An inquiry into accusations of impropriety at the Public Investment Corporation (PIC) kicked off this week in Pretoria as Africa’s largest asset manager seeks to clear its name. Chaired by the retired president of the Supreme Court of Appeal, Justice Lex Mpati with assistance from Emmanuel Lediga and the former SA Reserve Bank governor Gill Marcus, the inquiry will look closely at how investment decisions are made and whether allegations of corruption that date as far back as 2015 have any substance.
In what might be considered ambitious, the inquiry not only has to probe whether the PIC’s policy between January 1, 2015 and August 31, 2018 yielded undue benefit for any PIC director but also must establish if the asset manager’s investment decisions were simply a manifestation of an incompetent board.
The inquiry, which was announced by President Cyril Ramaphosa in August 2018 kicked off to a relatively slow start (by South African inquiry standards) with the acting secretary, Wilna Louw first to take the stand. Her testimony took listeners on a walk through the PIC act, vision and its history. However, her testimony was marred by an admission that she did not know the Charles River asset management system (which is the system the PIC uses) despite having been at the PIC since September 1996.
Questions have been raised about the PIC’s processes following questionable investments into Sekunjalo, Erin Energy and Ayo Technology Solutions. This prompted a question on the hiring process at the PIC. Gill Marcus wanted to know how the board was composed. Were there instances where the cabinet had proposed names or rejected names that had been proposed? “The [finance] minister can exclude some of the PIC’s nominations and include some of his own nominations,” confirmed Louw. “We can propose but at the end of the day, the board does not have any say in who is appointed.”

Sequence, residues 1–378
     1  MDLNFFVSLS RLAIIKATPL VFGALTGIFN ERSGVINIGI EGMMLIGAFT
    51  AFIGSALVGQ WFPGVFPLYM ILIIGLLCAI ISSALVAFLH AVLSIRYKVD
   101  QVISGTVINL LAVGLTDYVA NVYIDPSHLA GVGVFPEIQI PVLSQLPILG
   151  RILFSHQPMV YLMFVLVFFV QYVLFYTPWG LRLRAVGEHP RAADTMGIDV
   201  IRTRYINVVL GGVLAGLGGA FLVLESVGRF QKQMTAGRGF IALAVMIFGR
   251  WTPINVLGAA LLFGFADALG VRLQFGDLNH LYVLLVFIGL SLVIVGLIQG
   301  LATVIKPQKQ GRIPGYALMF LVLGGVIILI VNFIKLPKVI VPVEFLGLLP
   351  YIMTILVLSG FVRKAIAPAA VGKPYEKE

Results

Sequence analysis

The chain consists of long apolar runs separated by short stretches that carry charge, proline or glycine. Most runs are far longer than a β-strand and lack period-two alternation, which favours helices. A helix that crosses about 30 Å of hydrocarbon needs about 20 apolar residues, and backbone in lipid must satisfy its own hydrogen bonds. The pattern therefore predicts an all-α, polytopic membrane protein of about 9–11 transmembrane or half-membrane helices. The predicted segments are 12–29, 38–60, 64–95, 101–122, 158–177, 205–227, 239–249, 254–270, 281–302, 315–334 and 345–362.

The next testimony changed tune with Roy Rajdhar, the executive head of impact investment at the PIC unpacking the investment process that leads to the final investment decisions.
As the testimony went on, gaps in the PIC’s operational model became apparent. Rajdhar explained that the PIC receives applications for finance through various channels, which could be unsolicited applications or referrals. He confirmed that the majority of applications were unsolicited. The admission coupled with Louw’s earlier confirmation that the board does not have a hand in board appointments, would imply that the minister could easily appoint someone to the PIC board to specifically oversee the approval of an unsolicited application.
In the coming days, the PIC will also have to address queries around limits to how much a company can request from the asset manager in the form of repeated fund capitalisation. It has been suggested that the PIC repeated preferential treatment for certain companies.
Meanwhile, President Ramaphosa insisted the commission must submit an interim report to him no later than February 15, 2019 with a final report due no later than April 15, 2019.